Shropshire Star comment: Coronavirus has made workplaces flexible

During coronavirus, people haven't been able to get out much.

Working from home.
Working from home.

And a revolutionary, long-term impact of the pandemic is the realisation that, in various facets of how we live our lives, you don't actually need to get out much.

Firms have seen the future – and it works.

You can work at home, shop at home, and you can even stay "home" for holidays without the need to go abroad.

As the vaccination programme gives us the luxury of starting to contemplate a post-Covid world, some enforced changes of the last 14 months are going to become permanent changes. Coronavirus has become a vehicle for a kind of workplace liberation.

When things return to normal, things will not return to normal. Millions of workers are being given the chance to work more flexibly. In this hybrid model employees may come to the office on some days and work from home on others.

Naturally, the extent to which this is an option will depend on the nature of the job, and many jobs cannot be done from home. But technology has made possible a great leap. This applies not just to the realms of working. Some Covid patients have stayed at home where they have been on "virtual wards" with their treatment and progress monitored remotely.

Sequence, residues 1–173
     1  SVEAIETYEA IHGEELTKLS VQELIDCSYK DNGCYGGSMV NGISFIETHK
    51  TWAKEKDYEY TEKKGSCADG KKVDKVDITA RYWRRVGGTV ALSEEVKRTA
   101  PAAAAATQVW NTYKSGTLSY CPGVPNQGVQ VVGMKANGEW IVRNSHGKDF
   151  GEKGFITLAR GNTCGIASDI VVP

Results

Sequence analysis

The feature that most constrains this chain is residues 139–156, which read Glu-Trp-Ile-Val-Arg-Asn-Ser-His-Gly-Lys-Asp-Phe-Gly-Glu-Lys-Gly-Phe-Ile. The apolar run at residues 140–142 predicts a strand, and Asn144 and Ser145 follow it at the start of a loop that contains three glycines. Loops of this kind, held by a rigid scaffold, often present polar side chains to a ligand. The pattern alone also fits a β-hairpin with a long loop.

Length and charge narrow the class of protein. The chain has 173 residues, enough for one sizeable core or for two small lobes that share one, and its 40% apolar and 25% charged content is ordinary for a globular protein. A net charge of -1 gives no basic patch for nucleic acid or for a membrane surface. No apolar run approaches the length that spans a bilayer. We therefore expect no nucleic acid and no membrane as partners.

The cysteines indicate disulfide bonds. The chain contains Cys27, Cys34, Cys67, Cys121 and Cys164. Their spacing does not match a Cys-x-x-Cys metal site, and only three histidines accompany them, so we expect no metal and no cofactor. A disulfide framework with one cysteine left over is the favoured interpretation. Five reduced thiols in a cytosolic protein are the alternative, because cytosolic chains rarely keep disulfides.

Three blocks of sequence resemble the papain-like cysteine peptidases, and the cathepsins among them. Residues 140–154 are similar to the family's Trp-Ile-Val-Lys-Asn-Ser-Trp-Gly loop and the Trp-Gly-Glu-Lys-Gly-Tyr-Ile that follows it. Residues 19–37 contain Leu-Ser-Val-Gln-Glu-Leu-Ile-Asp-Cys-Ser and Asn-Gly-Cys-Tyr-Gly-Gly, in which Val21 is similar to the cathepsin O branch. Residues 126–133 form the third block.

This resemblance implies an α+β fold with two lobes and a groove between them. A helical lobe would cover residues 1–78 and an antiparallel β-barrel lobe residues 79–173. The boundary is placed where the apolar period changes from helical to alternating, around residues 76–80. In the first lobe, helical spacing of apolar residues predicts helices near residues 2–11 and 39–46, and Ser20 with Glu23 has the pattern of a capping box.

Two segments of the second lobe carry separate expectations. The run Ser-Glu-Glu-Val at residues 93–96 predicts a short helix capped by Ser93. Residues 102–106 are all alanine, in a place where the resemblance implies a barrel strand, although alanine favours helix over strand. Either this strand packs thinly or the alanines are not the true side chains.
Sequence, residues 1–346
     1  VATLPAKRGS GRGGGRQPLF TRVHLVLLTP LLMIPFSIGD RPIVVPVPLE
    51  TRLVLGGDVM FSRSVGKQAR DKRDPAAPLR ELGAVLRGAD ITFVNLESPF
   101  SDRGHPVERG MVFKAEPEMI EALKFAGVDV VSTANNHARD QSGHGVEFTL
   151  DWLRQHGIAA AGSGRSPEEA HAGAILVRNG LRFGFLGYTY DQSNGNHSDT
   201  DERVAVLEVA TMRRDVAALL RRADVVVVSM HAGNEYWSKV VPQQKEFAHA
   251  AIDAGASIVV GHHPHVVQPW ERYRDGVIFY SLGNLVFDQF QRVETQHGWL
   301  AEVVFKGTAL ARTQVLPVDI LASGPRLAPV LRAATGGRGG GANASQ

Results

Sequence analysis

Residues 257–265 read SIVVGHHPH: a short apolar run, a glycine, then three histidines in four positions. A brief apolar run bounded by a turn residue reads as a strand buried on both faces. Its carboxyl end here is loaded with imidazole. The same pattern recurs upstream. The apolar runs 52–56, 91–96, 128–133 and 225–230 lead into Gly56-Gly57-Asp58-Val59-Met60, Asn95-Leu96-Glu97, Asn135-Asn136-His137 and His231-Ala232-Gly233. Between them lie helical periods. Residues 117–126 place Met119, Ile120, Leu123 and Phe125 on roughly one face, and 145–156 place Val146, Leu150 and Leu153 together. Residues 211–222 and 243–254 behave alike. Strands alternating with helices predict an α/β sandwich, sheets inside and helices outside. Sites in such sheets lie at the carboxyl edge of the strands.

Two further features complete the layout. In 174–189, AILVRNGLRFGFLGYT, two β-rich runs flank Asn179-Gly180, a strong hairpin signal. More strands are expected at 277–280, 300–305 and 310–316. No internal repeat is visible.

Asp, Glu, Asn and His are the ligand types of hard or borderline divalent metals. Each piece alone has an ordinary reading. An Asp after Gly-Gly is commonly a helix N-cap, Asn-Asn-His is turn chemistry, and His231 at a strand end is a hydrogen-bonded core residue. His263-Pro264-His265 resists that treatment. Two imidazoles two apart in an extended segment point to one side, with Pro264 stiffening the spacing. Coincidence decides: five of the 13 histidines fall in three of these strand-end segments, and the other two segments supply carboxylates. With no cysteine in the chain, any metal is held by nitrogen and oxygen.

With the liberation comes some downsides. If people are to work from home in future, it amounts to institutional social distancing. There is no chatting around the coffee machine, no office gossip, no face-to-face interaction. What sociability there is will come on a screen, which is nothing like the same.

Home is a pleasant, familiar place, but it can be a lonely place as well.

Town and city centre offices and workplaces contribute to the vitality of those town and city centres. Employees may frequent local coffee shops, or do shopping in their lunch hours. With such activities they form part of the local economies and support local jobs.

If they are absent, there will be less polluting traffic during rush hours, which is good for the planet, but the potential price is the livelihoods of some people and a decline of town and city centres.

The Stay Home message has been one of the central themes of the dreadful pandemic. What was once an instruction now looks like becoming a permanent offer of a different way of working.

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